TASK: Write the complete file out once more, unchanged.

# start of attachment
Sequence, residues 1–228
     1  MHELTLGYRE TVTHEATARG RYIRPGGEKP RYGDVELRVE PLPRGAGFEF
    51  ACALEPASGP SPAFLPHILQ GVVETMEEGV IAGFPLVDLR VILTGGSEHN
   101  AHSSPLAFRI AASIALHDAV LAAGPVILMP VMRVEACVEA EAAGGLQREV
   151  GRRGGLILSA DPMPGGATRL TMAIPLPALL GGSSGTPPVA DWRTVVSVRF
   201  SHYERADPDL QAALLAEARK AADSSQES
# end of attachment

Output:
Sequence, residues 1–228
     1  MHELTLGYRE TVTHEATARG RYIRPGGEKP RYGDVELRVE PLPRGAGFEF
    51  ACALEPASGP SPAFLPHILQ GVVETMEEGV IAGFPLVDLR VILTGGSEHN
   101  AHSSPLAFRI AASIALHDAV LAAGPVILMP VMRVEACVEA EAAGGLQREV
   151  GRRGGLILSA DPMPGGATRL TMAIPLPALL GGSSGTPPVA DWRTVVSVRF
   201  SHYERADPDL QAALLAEARK AADSSQES